Precision environmental health, the totality of our environmental exposures, new funding opportunities related to climate change and health (see sidebar), efforts to combat environmental health disparities, and report back of research results were among the topics discussed at the National Advisory Environmental Health Sciences Council meeting held June 7-8.
Precision environmental health and the exposome
NIEHS Director Rick Woychik, Ph.D., shared some scientific areas that have come into focus over the past couple of years. Those include precision environmental health and the exposome; computational biology and data science; climate change and health; environmental justice and health disparities; and mechanistic and translational toxicology.
Studying the exposome — the totality of an individual’s environmental exposures throughout the life course, and their corresponding biological changes — is critical for the advancement of precision environmental health, noted Woychik. The precision environmental health framework aims to prevent disease by shedding light on how individuals vary in their response to exposures based on their unique genetic, epigenetic, and biological makeup.
To expand knowledge in this area, NIEHS is hosting an upcoming workshop series titled “Accelerating Precision Environmental Health: Demonstrating the Value of the Exposome,” which will cover the following topics.
- July 22 — Tools, Technologies, and Methodologies.
- August 5 — Biological Responses and Impact on Health and Disease.
- August 12 — Future of Clinical and Prevention Trials, Cohorts, and Epidemiology.
- August 19 — Social and Societal Impacts.
- August 26 — Data Infrastructure and Data Analytics.
To learn more about the workshops and to register, click here(https://tools.niehs.nih.gov/conference/exposomics2022/).
Accelerating research breakthroughs
Woychik also shared information about the Advanced Research Projects Agency for Health (ARPA-H), which is a new entity within the National Institutes of Health (NIH).
ARPA-H will advance breakthroughs in biomedical research by funding cutting-edge scientific studies and approaches. Council members discussed the importance of such funding for NIEHS grantees, especially early-stage investigators.
Helping underserved communities
On May 31, the U.S. Department of Health and Human Services (HHS) formally established a new Office of Environmental Justice (OEJ) in response to President Biden’s Executive Order on Tackling the Climate Crisis at Home and Abroad. OEJ will reside within the Office of Climate Change and Health Equity in the Office of the Assistant Secretary for Health.
Arsenio Mataka, J.D., a senior advisor to the assistant secretary, informed Council that OEJ will work to directly improve the wellbeing of underserved communities.
OEJ will lead HHS efforts to coordinate implementation of the Justice40 Initiative, which aims to deliver 40% of the overall benefits of federal investments in clean energy, water, transit, housing, workforce development, and pollution remediation to disadvantaged communities. The NIEHS Environmental Career Worker Training Program is participating in the Justice40 Initiative (see related story in this issue).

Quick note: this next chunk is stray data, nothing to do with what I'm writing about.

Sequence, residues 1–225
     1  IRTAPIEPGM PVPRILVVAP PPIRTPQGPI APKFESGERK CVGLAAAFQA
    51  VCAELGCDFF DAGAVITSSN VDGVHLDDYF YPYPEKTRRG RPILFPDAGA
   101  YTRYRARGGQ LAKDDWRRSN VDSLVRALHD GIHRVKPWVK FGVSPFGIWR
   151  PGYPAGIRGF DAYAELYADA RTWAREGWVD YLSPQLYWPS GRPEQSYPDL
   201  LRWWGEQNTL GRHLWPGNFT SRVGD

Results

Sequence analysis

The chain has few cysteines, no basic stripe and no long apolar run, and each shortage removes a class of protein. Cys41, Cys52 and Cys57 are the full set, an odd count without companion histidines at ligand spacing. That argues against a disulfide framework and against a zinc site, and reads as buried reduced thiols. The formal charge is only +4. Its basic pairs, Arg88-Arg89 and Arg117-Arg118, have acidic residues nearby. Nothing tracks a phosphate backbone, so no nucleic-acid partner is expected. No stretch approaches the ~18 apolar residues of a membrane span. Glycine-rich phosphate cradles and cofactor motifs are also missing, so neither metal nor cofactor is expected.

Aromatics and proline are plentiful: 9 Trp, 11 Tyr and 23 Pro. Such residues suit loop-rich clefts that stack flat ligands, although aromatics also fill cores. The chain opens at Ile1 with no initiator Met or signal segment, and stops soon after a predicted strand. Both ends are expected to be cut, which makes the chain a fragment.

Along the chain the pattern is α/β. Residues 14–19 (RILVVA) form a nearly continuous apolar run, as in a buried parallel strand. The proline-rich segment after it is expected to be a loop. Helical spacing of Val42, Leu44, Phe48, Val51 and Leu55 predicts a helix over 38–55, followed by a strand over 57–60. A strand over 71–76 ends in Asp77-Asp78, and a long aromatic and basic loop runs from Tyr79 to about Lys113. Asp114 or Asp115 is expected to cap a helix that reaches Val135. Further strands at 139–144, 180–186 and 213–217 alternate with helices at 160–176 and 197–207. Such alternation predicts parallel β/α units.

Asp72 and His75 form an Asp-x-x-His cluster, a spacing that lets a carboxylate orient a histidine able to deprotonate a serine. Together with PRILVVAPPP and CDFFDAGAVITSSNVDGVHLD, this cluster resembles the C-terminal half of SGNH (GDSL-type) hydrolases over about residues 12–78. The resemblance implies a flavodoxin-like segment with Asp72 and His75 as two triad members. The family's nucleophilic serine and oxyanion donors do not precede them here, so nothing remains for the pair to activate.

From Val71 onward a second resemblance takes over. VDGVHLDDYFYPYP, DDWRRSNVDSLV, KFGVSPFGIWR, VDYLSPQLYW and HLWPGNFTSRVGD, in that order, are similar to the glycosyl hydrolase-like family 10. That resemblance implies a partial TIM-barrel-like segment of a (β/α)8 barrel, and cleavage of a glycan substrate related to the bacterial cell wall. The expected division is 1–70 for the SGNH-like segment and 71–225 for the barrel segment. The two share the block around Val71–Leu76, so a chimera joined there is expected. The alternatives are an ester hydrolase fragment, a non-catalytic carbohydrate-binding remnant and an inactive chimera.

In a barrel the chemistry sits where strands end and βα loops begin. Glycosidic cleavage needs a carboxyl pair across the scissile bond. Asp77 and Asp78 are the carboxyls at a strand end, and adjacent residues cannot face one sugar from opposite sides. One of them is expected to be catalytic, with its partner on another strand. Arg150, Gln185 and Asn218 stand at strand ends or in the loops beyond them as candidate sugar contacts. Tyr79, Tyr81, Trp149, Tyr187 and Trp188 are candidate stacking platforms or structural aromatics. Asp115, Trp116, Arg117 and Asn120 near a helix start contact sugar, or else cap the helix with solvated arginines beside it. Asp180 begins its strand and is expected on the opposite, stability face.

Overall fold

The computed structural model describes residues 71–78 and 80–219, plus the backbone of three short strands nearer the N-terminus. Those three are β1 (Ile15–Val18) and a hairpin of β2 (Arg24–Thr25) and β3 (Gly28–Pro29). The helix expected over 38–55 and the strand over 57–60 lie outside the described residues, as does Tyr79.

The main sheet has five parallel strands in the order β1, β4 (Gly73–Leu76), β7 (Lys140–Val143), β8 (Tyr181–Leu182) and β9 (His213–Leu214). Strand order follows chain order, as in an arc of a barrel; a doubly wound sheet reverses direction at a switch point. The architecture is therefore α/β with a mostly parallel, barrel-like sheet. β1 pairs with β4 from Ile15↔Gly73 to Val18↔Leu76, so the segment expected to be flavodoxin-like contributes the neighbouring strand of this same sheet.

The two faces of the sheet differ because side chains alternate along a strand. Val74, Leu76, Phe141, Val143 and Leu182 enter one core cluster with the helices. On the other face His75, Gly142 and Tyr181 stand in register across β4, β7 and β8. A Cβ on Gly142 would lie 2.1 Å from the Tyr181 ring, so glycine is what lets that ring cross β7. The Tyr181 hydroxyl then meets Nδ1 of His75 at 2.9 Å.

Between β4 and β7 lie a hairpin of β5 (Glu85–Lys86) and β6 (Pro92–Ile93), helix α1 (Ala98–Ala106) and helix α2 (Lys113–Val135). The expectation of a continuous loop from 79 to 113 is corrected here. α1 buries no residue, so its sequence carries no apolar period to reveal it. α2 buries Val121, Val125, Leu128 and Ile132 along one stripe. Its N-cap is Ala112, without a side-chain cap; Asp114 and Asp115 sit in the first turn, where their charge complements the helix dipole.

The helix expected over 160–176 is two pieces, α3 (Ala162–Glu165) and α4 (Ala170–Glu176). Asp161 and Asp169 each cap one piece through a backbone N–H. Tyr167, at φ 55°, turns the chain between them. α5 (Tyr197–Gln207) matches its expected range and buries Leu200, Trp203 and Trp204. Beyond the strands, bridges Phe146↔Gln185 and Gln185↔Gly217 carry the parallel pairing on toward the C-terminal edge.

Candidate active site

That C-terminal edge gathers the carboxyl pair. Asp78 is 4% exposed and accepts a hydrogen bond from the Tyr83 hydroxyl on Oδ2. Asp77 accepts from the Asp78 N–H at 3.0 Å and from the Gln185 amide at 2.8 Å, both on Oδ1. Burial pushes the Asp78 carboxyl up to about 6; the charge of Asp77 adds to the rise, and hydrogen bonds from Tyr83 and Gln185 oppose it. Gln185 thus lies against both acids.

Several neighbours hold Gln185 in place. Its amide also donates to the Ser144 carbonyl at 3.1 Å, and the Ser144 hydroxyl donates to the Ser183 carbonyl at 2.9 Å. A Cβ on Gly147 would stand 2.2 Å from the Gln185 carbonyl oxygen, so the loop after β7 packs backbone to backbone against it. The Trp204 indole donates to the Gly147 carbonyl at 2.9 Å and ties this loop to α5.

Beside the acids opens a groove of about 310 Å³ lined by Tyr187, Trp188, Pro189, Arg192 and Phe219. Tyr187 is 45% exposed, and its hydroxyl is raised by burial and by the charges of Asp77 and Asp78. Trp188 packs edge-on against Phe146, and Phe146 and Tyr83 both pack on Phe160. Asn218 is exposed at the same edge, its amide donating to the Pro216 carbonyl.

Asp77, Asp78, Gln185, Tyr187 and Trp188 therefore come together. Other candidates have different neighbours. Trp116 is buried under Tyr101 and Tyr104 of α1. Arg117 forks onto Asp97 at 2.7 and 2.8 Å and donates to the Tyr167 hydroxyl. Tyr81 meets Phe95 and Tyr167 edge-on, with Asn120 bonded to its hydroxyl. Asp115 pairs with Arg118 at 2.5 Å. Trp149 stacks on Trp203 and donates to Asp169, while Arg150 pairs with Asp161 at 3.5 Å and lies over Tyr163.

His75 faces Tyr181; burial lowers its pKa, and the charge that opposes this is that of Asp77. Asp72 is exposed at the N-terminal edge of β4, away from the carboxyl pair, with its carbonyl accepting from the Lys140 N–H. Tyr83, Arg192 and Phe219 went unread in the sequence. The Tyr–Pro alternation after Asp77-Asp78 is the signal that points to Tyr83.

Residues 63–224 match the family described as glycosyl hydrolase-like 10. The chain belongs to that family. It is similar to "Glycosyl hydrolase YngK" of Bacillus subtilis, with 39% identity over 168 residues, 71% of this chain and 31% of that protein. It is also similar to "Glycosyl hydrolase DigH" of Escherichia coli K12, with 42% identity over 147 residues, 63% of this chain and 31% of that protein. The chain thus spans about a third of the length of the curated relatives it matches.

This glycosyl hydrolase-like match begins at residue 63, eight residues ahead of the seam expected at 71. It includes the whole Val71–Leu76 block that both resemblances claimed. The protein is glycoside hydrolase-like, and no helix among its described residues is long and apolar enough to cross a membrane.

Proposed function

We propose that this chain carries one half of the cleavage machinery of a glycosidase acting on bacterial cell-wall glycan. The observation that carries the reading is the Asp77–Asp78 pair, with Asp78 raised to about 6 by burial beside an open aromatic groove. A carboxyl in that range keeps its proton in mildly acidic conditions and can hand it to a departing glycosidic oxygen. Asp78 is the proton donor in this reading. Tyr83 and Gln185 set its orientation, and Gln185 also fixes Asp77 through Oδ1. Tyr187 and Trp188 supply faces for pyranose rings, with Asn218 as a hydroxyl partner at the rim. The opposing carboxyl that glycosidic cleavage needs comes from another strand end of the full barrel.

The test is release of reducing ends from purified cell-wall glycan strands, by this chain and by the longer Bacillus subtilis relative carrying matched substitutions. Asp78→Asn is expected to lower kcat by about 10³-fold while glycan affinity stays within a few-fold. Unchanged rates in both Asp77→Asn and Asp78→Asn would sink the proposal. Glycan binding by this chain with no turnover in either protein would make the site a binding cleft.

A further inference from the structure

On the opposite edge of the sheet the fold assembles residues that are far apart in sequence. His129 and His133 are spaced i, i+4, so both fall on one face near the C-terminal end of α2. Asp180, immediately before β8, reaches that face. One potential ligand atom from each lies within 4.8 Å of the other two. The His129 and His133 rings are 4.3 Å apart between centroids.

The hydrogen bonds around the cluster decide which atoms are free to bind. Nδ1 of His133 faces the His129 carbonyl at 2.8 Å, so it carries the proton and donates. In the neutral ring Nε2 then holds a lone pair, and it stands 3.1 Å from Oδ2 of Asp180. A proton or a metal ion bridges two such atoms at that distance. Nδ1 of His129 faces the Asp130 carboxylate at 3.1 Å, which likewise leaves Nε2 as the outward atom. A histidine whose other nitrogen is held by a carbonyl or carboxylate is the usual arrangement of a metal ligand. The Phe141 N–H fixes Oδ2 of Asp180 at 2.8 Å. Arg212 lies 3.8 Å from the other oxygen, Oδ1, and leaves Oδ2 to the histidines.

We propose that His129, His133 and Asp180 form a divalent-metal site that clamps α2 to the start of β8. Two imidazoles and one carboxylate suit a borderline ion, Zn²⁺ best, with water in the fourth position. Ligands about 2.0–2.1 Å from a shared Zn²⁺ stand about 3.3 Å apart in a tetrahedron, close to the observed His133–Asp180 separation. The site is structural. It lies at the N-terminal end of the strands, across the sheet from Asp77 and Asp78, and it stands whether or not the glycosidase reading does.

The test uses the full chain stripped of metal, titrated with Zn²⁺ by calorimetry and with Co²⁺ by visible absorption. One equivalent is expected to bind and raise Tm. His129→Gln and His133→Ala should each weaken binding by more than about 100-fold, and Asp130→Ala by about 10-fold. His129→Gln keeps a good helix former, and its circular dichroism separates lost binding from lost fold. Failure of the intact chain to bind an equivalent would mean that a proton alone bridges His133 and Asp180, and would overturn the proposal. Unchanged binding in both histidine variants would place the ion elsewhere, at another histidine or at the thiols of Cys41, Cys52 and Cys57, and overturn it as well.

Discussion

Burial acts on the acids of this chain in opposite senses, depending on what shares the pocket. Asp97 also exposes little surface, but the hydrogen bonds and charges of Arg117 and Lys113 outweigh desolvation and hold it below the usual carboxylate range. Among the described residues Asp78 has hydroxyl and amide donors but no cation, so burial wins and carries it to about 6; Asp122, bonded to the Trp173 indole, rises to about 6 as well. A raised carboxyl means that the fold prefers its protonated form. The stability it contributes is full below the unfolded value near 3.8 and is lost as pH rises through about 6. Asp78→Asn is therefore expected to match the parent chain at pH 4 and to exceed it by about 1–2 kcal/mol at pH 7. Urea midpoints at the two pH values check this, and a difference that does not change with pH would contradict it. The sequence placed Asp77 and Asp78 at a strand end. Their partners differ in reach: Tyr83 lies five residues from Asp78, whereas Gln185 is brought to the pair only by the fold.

Eliseo Pérez-Stable, M.D., director of the National Institute on Minority Health and Health Disparities (NIMHD), shared his institute’s research agenda on environmental health disparities. He outlined important NIMHD and NIEHS collaborations in this area, such as RADx Underserved Populations, an NIH program designed to reduce disparities in COVID-19 morbidity and mortality.
“There is a lot of overlap, and we have much in common,” Pérez-Stable noted regarding NIMHD and NIEHS. “We both have a strong sense of the importance of community engagement, and we’re both very interested in addressing issues of unequal care and social injustice in health and health care.”
NIEHS Division of Extramural Research and Training Deputy Director Pat Mastin, Ph.D., described the division’s longstanding commitment to addressing environmental health disparities and promoting environmental justice. He discussed recent NIEHS workshops on racism as a public health issue, advancing environmental health equity, and women’s health disparities.
Advancing environmental public health
NIEHS Partnerships for Environmental Public Health (PEPH) Program coordinator Liam O’Fallon gave an overview of the program’s achievements since its 2009 launch. PEPH includes a diverse network of scientists, community members, educators, health care providers, public health officials, and policymakers. Together, they work to address important health challenges and improve lives by translating research into action.
“PEPH has evolved into a community of practice for our grantees, partners, and NIEHS staff,” he said. “It helps to integrate ideas and practices, encourages learning from one another, and enables individuals to solve common problems.”
O’Fallon also highlighted an effort to promote report back of environmental health research results to study participants. He is working with NIEHS grantees Julia Brody, Ph.D., from the Silent Spring Institute, and Katrina Korfmacher, Ph.D., from the University of Rochester Medical Center, to develop guidelines and best practices that will make it easier for researchers to share findings, thereby empowering individuals to take steps to improve their health. (Check out this month’s NIEHS Director’s Corner column to learn more.)
(Ernie Hood is a contract writer for the NIEHS Office of Communications and Public Liaison.)